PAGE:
With low risk locally, who should be thinking about getting another COVID booster shot? | SteamboatToday.com
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With low risk locally, who should be thinking about getting another COVID booster shot?

The makers of the two most widely used COVID-19 vaccines in the country are asking federal health agencies to review a second booster dose, but officials say most people shouldn’t be anxious about rolling up their sleeves again just yet.

Only people with compromised immune systems are currently approved for a fourth shot, with that additional shot giving them an immune response similar to healthier people who just get the standard two-dose-plus-booster regimen.

But, as COVID-19 cases are declining, the effectiveness of boosters is waning as well, with a Center’s for Disease Control and Prevention study published in February finding that this likely happens about four months after getting the shot.



While she is beyond that four-month time frame since receiving her booster, Routt County Public Health Director Roberta Smith said she isn’t seeking out another booster right now.

“I’m actually waiting to see if it is reformulated,” Smith said, meaning the vaccine would be adjusted to account for newer variants, similar to how the flu shot changes each year. “That would be more broad.”



Moderna has asked that its second booster be made available to people of all ages, while Pfizer has asked its shot be approved for those over 65.

Smith said the CDC’s Advisory Committee on Immunization Practices would be looking at new shots in the coming weeks, but that she feels that, generally, only people over 65 or with a compromised immune system are needing that extra protection.

Unlike with other vaccines, senior medical director of infection prevention and control for UCHealth Dr. Michelle Barron said officials are still learning what the threshold of an antibody response is needed for lasting protection from COVID-19.

“We don’t know what that is for COVID,” Barron said. “The other bigger piece is that your immune system is not just antibodies.”

Barron said she likens the immune system to the military, with it having multiple branches — antibodies, B cells, T cells — that each work together, but have their own functions. The response of these other branches is hard to measure, she said.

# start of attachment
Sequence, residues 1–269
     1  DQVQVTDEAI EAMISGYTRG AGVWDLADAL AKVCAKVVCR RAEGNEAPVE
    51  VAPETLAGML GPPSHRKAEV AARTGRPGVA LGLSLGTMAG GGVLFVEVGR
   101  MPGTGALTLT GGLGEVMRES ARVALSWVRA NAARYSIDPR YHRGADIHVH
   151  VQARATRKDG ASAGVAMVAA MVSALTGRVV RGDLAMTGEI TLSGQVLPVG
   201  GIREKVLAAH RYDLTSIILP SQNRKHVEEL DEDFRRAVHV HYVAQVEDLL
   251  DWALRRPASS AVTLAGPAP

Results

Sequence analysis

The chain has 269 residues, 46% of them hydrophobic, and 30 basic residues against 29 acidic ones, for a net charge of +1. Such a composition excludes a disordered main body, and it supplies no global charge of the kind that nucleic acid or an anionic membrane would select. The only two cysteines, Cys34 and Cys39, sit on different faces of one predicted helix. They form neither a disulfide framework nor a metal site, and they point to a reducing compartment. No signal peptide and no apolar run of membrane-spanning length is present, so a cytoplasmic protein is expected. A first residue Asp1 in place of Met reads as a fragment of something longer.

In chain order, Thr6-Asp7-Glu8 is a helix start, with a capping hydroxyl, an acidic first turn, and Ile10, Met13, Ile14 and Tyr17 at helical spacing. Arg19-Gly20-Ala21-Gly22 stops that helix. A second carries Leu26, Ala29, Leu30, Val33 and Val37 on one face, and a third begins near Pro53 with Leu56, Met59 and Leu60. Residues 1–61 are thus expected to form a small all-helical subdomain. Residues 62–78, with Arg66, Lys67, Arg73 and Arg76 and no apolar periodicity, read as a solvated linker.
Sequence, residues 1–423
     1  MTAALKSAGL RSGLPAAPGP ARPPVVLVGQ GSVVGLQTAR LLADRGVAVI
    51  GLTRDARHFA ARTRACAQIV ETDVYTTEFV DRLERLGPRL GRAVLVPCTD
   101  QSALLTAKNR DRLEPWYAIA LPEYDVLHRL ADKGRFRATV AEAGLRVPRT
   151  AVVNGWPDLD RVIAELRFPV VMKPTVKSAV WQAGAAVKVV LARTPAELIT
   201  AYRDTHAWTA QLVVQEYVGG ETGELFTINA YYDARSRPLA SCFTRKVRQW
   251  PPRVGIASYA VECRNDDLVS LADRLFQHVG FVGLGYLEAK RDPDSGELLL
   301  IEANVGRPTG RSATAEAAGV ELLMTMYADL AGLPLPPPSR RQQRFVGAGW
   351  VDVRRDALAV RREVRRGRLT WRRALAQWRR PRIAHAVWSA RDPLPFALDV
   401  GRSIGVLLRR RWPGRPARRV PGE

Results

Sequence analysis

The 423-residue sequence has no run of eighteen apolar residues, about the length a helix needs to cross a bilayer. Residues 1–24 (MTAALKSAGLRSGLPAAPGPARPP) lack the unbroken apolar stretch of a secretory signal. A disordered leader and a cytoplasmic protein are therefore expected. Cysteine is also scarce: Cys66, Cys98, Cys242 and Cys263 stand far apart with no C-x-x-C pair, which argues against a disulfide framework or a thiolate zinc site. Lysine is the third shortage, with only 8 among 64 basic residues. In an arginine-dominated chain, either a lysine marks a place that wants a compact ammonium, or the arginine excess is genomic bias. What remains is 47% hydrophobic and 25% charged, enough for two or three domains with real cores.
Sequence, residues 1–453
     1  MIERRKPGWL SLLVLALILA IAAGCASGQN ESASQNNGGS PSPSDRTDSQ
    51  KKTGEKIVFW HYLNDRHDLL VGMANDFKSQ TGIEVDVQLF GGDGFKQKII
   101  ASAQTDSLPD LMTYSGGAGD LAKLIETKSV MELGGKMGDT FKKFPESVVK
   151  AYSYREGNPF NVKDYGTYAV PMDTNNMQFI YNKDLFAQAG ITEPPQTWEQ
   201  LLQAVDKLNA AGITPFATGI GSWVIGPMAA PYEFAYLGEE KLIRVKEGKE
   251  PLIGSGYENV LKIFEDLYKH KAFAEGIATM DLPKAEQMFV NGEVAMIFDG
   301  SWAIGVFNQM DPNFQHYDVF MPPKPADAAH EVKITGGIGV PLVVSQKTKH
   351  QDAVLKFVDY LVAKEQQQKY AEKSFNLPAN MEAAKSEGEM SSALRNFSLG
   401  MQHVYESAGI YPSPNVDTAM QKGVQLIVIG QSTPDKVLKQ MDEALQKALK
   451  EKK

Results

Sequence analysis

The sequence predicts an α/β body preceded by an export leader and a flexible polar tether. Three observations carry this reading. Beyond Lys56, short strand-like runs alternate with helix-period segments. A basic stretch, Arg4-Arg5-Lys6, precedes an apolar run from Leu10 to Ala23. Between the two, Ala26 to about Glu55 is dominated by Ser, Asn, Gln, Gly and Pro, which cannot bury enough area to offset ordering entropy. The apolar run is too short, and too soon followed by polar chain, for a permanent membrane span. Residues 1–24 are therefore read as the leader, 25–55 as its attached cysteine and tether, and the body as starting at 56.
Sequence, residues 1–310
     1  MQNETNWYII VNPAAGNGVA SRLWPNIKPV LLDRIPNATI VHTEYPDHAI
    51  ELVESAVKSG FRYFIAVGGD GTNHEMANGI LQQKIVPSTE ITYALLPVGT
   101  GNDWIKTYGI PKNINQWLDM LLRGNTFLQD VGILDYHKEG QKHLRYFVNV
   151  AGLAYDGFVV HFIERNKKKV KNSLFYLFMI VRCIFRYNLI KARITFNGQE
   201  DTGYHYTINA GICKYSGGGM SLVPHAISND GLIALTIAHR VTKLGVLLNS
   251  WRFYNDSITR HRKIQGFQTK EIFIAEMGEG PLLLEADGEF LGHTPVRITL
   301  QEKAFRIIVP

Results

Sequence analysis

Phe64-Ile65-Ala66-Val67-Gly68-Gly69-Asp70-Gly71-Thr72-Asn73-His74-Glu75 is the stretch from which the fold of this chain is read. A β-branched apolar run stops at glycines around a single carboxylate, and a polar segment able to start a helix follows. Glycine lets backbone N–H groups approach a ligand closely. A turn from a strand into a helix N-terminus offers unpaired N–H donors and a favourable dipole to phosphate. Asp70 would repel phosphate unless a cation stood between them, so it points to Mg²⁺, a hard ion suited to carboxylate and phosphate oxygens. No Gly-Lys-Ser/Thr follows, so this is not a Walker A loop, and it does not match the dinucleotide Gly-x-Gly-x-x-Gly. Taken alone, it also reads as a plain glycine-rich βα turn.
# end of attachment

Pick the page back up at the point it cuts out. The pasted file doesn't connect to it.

In addition to these other branches of the immune system being weaker for those over 65 and the immune compromised, Barron said these people likely never got the same antibody response from the vaccines to start with, potentially putting them at more risk for serious illness.

For people in this group, Barron said she recommends looking into getting another booster, even though it hasn’t been approved quite yet. She gave the same recommendation to her parents, who are in their 80s, not considered to have a compromised immune system and got their booster shots last fall.

“From a professional standpoint, I’ve told people this is probably where it’s heading,” Barron said. “I think the data is pretty compelling and I will be really surprised if the FDA does not recommend it for that (over 65) group.”

Barron said she anticipated a fifth shot would be approved for immune-compromised people of all ages as well.

As for generally healthy people younger than 65, Barron said they still have a robust protection from severe disease and death, even though protection against a mild infection likely has waned.

Even though she is at higher risk for the getting virus because she frequently treats COVID patients, Barron said there hasn’t seen compelling data to show people in that situation should be getting a booster shot. Barron got her booster in August, and said she doesn’t feel the need to get another right now.

This fall is when she anticipates there may need to be a booster dose that is available more broadly, and it may need to account for new variants.

“We’ve gotten to a point where I think our goal is no longer to say you’re never going to get COVID, the goal is that you’re not going to get that sick,” Barron said. “It’s still reasonable to hold tight. You probably still have enough protection to keep you out of the hospital.”


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